Haruzo Hida is the inventor of (and the main contributor to) the theory of p-ordinary modular and automorphic forms. His new book presents several new results on the arithmetic of p-ordinary Hilbert modular forms, as well as an exposition on the relevant technical background. The book has five chapters. Chapter 1 is an extended introduction, in which the main objects appear (two-dimensional pseudo-representations, Greenberg’s Selmer groups, deformation rings and adjoint L-invariants). Chapter 2 discusses the necessary background on automorphic forms on quaternionic algebras over totally real number fields (basic definitions, Hecke operators, the relation to representation theory of GL(2) over local fields, an overview of the Jacquet-Langlands correspondence and of Galois representations associated to Hecke eigenforms).
In chapter 3, which is the core of the book, the author first proves a special case of Fujiwara’s “R=T” theorem, from which he deduces several applications: an integral version of Jacquet-Langlands correspondence (the case of classical modular forms is treated earlier in chapter 2), the Iwasawa-theoretical version of “R=T” (for nearly p-ordinary Hilbert modular forms) and a formula for the adjoint of the L-invariant of a nearly p-ordinary Hilbert modular form. Chapter 4 sums up algebra-differential theory of classical and Hilbert modular forms in the spirit of the author’s earlier book, ‘p-adic automorphic forms on Shimura varieties’ (including the theory of Igusa varieties and control theorems for nearly p-ordinary Hecke algebras). Exceptional zeros of the adjoint p-adic L-function are interpreted in terms of extensions of Λ-adic automorphic representations. Chapter 5 treats deformation rings along the cyclotomic Zp-extension of a totally real number field, with applications to adjoint Selmer groups.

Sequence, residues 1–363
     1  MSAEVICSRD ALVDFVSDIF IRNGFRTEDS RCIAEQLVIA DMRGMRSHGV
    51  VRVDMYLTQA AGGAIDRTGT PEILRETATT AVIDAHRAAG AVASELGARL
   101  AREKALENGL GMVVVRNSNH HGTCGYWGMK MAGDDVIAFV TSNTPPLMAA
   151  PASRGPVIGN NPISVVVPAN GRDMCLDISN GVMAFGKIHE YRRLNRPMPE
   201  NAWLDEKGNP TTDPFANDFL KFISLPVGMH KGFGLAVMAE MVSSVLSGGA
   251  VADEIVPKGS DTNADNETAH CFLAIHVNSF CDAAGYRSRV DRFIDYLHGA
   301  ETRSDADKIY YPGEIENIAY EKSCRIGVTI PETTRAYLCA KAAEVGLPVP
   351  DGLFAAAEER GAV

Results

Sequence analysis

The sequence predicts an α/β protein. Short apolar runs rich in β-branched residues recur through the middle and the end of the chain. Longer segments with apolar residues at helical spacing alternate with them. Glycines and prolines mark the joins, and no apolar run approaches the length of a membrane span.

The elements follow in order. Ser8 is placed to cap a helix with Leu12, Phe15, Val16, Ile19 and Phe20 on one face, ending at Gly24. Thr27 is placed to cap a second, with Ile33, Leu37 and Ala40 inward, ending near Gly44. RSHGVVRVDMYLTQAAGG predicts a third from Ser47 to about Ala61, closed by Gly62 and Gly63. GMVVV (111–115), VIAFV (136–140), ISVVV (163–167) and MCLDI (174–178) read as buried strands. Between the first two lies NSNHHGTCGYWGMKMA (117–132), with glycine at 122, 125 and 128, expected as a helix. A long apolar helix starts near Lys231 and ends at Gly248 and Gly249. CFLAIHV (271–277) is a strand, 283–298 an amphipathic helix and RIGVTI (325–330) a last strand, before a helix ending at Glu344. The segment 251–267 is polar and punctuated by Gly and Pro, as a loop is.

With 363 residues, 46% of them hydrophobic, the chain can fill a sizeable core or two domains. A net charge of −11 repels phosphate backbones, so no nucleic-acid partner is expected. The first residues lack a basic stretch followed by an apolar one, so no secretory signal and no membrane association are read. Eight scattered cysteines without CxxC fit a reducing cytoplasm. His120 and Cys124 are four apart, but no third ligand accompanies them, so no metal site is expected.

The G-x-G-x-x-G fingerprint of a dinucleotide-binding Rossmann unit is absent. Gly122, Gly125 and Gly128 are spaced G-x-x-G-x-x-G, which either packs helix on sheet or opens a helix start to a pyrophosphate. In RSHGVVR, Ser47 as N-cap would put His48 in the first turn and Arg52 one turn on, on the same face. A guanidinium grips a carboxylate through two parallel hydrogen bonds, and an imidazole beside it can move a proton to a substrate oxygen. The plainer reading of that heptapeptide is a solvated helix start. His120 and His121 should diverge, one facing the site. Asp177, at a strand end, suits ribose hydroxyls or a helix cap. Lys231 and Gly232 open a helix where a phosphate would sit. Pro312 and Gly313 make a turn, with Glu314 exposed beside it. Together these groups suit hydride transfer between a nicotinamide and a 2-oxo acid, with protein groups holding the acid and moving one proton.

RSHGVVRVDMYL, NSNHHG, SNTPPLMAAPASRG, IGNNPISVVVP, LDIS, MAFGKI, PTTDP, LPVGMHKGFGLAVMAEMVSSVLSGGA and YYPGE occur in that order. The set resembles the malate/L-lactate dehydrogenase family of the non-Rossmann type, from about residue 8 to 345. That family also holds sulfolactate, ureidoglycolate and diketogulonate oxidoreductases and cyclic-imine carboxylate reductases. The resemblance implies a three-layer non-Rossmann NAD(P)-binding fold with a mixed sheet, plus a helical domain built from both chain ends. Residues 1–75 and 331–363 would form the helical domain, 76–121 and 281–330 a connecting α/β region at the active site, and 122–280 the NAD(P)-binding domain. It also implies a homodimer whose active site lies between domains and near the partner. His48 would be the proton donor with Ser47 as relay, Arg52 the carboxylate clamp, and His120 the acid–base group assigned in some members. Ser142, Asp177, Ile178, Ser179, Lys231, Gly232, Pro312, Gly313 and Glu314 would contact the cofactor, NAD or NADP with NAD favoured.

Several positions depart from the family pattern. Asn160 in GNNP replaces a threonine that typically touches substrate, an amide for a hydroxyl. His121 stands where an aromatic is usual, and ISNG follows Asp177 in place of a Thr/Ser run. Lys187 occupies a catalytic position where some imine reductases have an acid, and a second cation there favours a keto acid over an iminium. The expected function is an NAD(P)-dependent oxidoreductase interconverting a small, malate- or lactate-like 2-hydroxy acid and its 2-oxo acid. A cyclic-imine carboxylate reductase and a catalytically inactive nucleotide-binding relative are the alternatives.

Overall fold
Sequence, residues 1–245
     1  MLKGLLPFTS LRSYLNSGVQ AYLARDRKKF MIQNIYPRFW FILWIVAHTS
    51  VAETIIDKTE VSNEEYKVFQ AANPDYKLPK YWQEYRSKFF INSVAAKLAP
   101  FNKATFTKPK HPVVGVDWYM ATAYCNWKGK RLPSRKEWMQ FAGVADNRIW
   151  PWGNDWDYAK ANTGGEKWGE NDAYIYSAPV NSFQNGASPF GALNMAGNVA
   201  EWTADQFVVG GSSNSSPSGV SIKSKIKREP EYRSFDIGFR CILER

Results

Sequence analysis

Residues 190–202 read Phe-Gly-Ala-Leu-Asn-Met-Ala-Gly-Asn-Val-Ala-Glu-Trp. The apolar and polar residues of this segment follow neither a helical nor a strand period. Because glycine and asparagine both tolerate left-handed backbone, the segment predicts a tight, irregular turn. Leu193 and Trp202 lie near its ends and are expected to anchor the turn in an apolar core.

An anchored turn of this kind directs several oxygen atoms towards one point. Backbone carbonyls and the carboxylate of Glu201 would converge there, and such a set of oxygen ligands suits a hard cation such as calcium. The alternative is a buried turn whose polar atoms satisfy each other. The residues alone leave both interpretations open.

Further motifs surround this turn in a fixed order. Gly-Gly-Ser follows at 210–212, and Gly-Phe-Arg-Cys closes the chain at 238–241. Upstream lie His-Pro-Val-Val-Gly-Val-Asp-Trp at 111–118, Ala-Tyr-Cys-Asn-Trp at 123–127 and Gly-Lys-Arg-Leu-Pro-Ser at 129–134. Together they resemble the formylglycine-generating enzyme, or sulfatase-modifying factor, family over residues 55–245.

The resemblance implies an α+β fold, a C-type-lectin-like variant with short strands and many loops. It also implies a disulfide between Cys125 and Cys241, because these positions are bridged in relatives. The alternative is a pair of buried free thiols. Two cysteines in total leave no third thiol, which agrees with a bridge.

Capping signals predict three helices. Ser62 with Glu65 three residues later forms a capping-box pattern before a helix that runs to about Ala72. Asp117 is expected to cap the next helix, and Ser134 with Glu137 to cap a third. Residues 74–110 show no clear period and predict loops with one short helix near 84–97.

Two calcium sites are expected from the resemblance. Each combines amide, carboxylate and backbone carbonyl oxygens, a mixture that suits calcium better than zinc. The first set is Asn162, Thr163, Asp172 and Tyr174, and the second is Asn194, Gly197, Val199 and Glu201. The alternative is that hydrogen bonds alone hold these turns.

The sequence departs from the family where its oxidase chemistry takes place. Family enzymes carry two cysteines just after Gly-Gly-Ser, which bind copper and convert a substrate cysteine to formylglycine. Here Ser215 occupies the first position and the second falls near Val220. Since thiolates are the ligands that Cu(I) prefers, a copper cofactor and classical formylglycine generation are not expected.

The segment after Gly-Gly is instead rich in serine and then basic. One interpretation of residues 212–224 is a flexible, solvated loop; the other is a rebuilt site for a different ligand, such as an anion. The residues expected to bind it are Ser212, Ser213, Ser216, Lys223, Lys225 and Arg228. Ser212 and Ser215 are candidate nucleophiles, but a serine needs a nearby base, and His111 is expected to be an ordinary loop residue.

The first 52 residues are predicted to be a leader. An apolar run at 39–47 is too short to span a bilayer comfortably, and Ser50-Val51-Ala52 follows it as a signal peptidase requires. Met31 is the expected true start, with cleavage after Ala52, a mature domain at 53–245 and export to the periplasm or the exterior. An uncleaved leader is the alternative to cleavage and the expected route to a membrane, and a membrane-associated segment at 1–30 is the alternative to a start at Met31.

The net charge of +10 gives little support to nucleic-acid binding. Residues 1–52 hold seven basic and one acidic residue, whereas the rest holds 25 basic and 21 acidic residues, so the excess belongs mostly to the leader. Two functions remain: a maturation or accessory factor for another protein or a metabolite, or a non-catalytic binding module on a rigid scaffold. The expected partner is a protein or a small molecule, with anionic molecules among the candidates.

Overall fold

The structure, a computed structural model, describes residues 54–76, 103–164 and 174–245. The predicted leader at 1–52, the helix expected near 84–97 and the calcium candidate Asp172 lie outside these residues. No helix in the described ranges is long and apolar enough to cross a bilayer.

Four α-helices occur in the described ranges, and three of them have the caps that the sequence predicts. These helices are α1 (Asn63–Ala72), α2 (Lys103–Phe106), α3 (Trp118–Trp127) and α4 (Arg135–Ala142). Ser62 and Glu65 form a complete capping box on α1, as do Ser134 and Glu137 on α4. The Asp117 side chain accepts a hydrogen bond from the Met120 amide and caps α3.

The author’s style, which is a mixture of expository treatment and new research, will not be to everybody’s liking. The book itself has a fair share of confusing or incorrect statements and definitions, which makes it ideal for graduate students, who will learn a lot by trying to correct the abundant inaccuracies in the text.